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Friday Feature: Open to Transformation

Olivia Martinez Mini Pots 2

Metamorphosis is a cycle, a circle — in generational terms, no longer any definitive beginning, and no foreseeable end. In that respect, it is like our own existence, our traditions and beliefs and ways of understanding our world and our role in it: a sacred hoop, eternal and unbroken, connecting us forever both with the ancestors, and with the generations yet unborn.

And yet, we, like the caterpillar and butterfly, walk two hoops: our own individual hoop, from the emergence of birth to emergence of a very different sort, into the spirit world; and that small arc of the larger circle of being that is our own, one part of the hoop of our peoples’ entire existence. We all play a role not only in our own lives, but in a larger collective identity, a communal way and fact of being.

And within both, we walk a path only partially set for us. Oh, there are the usual markers of birth and death, flanking rites and stages large and small: coming of age; passage into adulthood; for many, marriage and children and eventual elderhood. But along the way, we are offered choices to make and new roads to take, and what we do at those pivotal moments alters not only our own lives but the lives of those around us.

Those moments are often forbidding, even frightening.

The butterfly knows: It knows the time to emerge from its cocoon, that it is its time to do so, that it must do so — ad yet, how hard must it be, how terrifying, to leave the warm enclosed safety of the chrysalis for the unknown dangers of the outside world?

It’s a bit like human birth. And, no doubt, death. And also like all those many intermediary stages, a roiling mix of obstacle and opportunity that requires action of us, even if that action exists as a negative, in refusing to take it.

On this last day of June (and the last day of this blog’s third year of existence; it enters the first day of its fourth year tomorrow), we have come, in a sense, full circle. We close out this feature for this month with works from the same artist with whom we began it. And these two works, as small and unassuming as miniatures are, prove to be unusually apt for the week’s themes of metamorphosis, of change, of transformation, and of the power of small things. From their description in the Other Artists:  Pottery gallery here on the site, excerpted from a narrative that describes the larger group of miniatures as a whole:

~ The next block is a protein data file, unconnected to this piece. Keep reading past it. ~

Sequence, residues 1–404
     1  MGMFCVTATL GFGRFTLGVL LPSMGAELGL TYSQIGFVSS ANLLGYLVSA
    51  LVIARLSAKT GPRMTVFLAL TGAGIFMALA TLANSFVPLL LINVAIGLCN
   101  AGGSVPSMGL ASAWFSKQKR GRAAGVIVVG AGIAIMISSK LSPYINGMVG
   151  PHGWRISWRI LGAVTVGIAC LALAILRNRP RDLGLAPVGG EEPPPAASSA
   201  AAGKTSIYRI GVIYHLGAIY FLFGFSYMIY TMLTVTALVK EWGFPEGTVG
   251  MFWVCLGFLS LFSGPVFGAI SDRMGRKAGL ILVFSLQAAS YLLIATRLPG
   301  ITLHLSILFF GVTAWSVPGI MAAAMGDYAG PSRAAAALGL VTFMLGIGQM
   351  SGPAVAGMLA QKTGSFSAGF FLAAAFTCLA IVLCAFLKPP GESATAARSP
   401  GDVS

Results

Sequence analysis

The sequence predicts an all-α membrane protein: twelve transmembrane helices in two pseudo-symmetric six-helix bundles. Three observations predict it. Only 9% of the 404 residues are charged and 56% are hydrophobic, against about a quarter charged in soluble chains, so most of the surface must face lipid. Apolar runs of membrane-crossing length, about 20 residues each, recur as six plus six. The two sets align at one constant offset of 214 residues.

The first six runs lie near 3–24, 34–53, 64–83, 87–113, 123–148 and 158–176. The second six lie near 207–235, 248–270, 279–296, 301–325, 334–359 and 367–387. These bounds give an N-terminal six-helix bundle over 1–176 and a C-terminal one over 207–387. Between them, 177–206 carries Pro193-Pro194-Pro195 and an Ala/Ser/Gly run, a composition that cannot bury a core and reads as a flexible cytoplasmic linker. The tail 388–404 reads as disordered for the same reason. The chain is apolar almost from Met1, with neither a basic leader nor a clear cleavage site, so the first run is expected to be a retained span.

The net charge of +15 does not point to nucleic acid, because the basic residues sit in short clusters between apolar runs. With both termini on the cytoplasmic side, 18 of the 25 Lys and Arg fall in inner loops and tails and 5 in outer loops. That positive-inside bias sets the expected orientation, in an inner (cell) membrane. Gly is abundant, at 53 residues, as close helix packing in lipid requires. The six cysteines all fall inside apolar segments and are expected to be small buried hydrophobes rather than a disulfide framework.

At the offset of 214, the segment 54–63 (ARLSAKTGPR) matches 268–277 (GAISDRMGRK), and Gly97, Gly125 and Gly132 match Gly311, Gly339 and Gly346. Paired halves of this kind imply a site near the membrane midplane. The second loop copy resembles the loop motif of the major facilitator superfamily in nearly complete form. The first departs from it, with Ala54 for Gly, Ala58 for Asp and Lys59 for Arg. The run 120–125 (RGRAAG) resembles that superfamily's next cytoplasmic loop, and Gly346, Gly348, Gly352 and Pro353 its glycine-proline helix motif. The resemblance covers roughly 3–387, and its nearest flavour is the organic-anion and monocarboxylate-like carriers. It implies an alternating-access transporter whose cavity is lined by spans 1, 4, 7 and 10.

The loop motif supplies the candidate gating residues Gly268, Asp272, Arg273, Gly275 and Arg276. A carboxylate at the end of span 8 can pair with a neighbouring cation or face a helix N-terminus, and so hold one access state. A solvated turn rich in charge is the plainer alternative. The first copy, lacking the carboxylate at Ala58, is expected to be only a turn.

All are fashioned in the traditional way from the Pueblo’s iconic micaceous clay: The tiny pots, bowls, and ollas are all hand-coiled in the same manner as full-sized pieces, their only ornamentation the glimmer of the native mica, and fired to varying finishes. . . ($30 each). Fluted plate is 1″ high by 3″ across; bowl is 1″ high by 2.25″ across (dimensions approximate).

Both of these works in miniature are by Taos Pueblo potter Olivia Martinez, the same artist who created the full-sized pieces featured here on the first Friday of June. Those were, in a sense, transformative works also: wedding vases, signifying the union of two beings, two spirits, one from two and one that is two.

These are different — and yet, there is commonality, too.

These two works seem to me to be of a piece in their own way, an unmatched pair that nevertheless belong together. Indeed, they remind me of the difference between caterpillar and butterfly: the one on the right, the plain simple pot, a tiny bowl with high sides and edges turned inward upon itself, closed to adornment of any sort; the one on the left, an example of what happens when that which is closed becomes open to transformation, spreading petals wide like outstretched arms to embrace the world and its possibilities . . . and thereby to become more complex, and more complexly beautiful.

There is great power in small things, and this, too, is the lesson of both caterpillar and butterfly. In this instance, it’s a lesson for us larger beings, as well: Not all of the path is set before us. As we traverse it, we may remain closed safely off to the world . . . or we may take the risk of emergence, of opening up and opening ourselves to the world and all it offers, to new possibilities and paths, to an existence of flowing and graceful beauty.

It’s a lesson not only for existence, but also for resistance.

The world is full of possibilities, large and small, of only we permit ourselves to be open to transformation.

~ Aji




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